Figure 8.1. The low-lying rotational levels of CO are shown on the left; the spontaneous decay rate for the J = 1-0 transition is 7 × 10-8 sec-1 and the critical density for pure collisional excitation by H2 is ~ 3000 cm-3. With line photon trapping and a typical optical depth of ~ 10, the critical density for thermalisation is reduced to ~ 300 cm-3. Thus, the CO line brightness temperature provides a measure of the gas kinetic temperature. On the right, the CO and 13CO J = 1-0 emission lines are shown in the direction of the Orion Kleinmann-Low (KL) nebula.
8.1.2. Molecular excitation
Excitation for the rotational levels of molecules like CO observed at mm and submm wavelengths is provided by collisions with H2. If these collisions are sufficiently frequent (compared to the spontaneous decay rate) the levels will come into thermal equilibrium with the H2 and their excitation temperature will approach the gas kinetic temperature. For optically thin transitions, this occurs at the critical density nH2,crit = Au-l /< u-l> where Au-l is the Einstein spontaneous decay rate (7 × 10-8 sec-1 for CO, J = 1-0), and < u-l> is the collisional de-excitation rate averaged over the Maxwellian distribution of H2 thermal velocities. For CO (J = 1-0) this critical density is ~ 3000 cm-3 and for HCN (and most other molecules) it is ~ 104-5 cm-3 due to their higher dipole moments and therefore higher A coefficients. Hence, the non-CO molecules are generally taken as probes of high-density molecular gas as compared with that traced by CO.
Measurements of the rare 13C isotopes of both CO and HCN indicate that the 12CO emission is optically thick. The rare isotopes are typically seen at an intensity approximately 0.1-0.5 of the abundant species whereas the ISM abundance ratio is C/13C = l/89-1/40, implying that the emission from the abundant species is optically thick and therefore saturated (see Fig. 8.1, right). For optically thick transitions, the upper-level population can be enhanced due to absorption of line photons, leading to excitation temperatures higher than those expected simply due to H2 collisions, since the line photons emitted upon spontaneous decay cannot easily escape the cloud. This so-called radiative trapping of the line photons builds up the radiation field at the frequency of the line, leading to enhanced excitation of the upper state via photon absorption.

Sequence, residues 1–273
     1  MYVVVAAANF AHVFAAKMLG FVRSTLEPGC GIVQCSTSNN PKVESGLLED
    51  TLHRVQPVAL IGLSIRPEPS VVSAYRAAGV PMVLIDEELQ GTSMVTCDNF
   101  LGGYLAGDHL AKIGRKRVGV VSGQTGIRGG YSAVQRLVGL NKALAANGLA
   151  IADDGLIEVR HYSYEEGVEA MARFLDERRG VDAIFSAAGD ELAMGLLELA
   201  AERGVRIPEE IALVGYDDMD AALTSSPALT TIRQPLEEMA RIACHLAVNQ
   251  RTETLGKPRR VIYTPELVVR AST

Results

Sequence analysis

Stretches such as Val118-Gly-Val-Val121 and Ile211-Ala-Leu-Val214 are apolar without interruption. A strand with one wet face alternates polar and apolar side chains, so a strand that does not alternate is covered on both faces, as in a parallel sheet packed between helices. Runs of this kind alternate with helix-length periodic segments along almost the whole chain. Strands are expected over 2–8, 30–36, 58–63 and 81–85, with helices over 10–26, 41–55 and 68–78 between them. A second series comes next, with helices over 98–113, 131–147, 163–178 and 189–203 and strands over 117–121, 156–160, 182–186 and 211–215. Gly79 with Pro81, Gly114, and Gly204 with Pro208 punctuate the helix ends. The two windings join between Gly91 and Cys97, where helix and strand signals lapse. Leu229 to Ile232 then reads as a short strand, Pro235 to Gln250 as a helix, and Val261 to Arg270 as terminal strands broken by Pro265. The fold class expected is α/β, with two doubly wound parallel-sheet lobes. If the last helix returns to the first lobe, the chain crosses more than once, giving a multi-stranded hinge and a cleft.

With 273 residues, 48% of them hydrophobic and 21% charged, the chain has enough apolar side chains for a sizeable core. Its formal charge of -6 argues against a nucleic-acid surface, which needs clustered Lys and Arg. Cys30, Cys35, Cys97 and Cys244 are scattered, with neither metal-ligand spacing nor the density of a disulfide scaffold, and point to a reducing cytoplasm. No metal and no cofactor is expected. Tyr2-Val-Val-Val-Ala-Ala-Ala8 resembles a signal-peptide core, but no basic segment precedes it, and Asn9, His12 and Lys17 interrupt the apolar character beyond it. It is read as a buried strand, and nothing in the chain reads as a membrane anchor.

The escape probability formalism used to treat this optically thick situation was first applied to molecular clouds by Scoville & Solomon (1974) and Goldreich & Kwan (1974) and is now routinely used to analyse interstellar molecule excitation (often called large velocity gradient [LVG], non-thermal equilibrium [non-LTE] analysis; see, e.g., van der Tak et al. (2007) and their publicly available RADEX code) 1. One of the biggest advantages of the LVG formalism is that it permits treatment of the coupled radiative transfer and molecular excitation as a local problem - a fact probably not fully appreciated by current routine users of these codes. This formalism is applicable to situations in which systematic velocity gradients are large compared to the small-scale thermal motions. The line photons from one region of the cloud are then incoherent with other regions due to the Doppler shift; they can then only interact with molecules in the local region near where they were emitted.
In the photon trapping regime, the spontaneous decay rates (A)
used in analysing the equilibrium molecular excitation are reduced by a
equal to the effective probability for escape of line